It’s difficult to isolate the overall labour costs of having your artificial illumination installed as this will be carried out as part of the overall electrical installation at both the first and second fix stages.
However, lighting will represent about half of the electrician’s work in the house and it usually takes two weeks for first fix and another two for second and final commissioning.Show 102550100 entriesSearch:
|Type of light fitting||Total in home||Notes||Average rate||Total Cost|
|Spotlights||46||Recessed spotlight can start at £1.60 with directional at £4.95 & fire rated at £5.95||£5||£230|
|Wall & table lights||25||Plug sockets for table lights would be £2.50; some two-way uplights at £35||£17||£425|
|Pendant lights||11||A pendant with flec could cost £1.50 and some feature pendant fittings £100||£50||£550|
|Strip lights||13||From a small 250mm light at £4 up to a task strip light at £12||£8||£104|
|Switches||25||Backing boxes at £1 and switches from £5.30 for 3-gang||£4||£100|
|External lights||5||A robust LED spotlight with PIR||£35||£175|
|LED Lamps||95||For the internal light fittings; 5w spot at £6.50 and a 1m strip at £10||£7||£665|
|Ancillaries||1||Cables, flex, low voltage transformers, clips, etc||£400||£400|
LED lamps today
Light emitting diode (LED for short) lamps have been around for decades, but have only dominated the market in the past five to 10 years.
LEDs are more efficient in generating light from energy and do so without creating much heat – as a direct comparison.
You will only need a 5w (watt) LED to generate the same light as a 50w tungsten spot lamp or a 60-100w incandescent unit (which the government aimed to phase out by 2011 because of carbon reduction targets).
This is great news for homeowners as the overall electrical load will be lower, meaning bills are cheaper, too. The success of LEDs means manufacturers have found a way to produce them across most of the Kelvin scale; we can now enjoy warm lighting, as opposed to the crisp, cool, bluer shades that had previously characterised these units.
Smart lighting & upgrade options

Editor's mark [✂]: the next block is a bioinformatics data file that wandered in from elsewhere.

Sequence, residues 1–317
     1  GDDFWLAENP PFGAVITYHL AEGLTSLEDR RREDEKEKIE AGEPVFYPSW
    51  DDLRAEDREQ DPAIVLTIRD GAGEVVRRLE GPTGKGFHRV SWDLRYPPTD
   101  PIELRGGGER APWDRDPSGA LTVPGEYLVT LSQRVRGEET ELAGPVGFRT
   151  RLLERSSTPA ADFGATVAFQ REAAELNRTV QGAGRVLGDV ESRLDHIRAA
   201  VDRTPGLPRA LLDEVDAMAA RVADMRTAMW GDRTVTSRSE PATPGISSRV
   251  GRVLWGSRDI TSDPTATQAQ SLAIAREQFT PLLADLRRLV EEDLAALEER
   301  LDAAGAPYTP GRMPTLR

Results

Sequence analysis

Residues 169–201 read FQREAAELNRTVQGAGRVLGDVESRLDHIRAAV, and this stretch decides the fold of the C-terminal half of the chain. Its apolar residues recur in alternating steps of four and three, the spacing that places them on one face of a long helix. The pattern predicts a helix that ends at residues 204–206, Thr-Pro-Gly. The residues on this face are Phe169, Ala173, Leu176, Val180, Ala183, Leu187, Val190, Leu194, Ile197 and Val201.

Smart technology is fast becoming a more affordable choice, with lighting controls at the heart of the automated home. Common options include multiple push button switches where three, four or five pre-set mood levels can be selected, each then graded with a dimmer.
These require independent cabling and a central controller/relay for each zone (usually one room); however, one criticism of these systems is that a slight delayed response can cause the user to keep pressing buttons. Control via mobile phones and tablets is also an option, with some systems allowing you to change things even when you’re not home. For more on smart lighting see page 87.
In addition to purely technological upgrades, you may want to incorporate some more theatrical lighting, such as illuminated wall recesses or a perimeter channel around
a dropped suspended ceiling.
In combination with a central chandelier, these features can help to create a bit of drama and atmosphere. Stair lighting is increasingly common and subtle directional illumination can also help to separate zones within an otherwise open plan layout.
Not simply a way to guide you to the front door when you get home in the dark, external lighting can be used to enhance garden features.
Rather than closing the blinds or curtains, an internal space can be enhanced by switching on outdoor lighting so that you can see a dramatically staged set – especially where there might be a pond, pergola, pool or illuminated specimen trees.
Obviously there is some expense incurred with external lighting but its installation is becoming increasingly easy thanks to robust external sockets and switches, flexible armoured cables (which can travel through planters) and uplighters mounted on spikes.
A useful recent innovation is the ability to set the sensitivity and time delay for some external security lights remotely by a device operated at ground level rather than having to do this from a ladder.
|Cost Comparison Between Solar vs. Traditional Lights|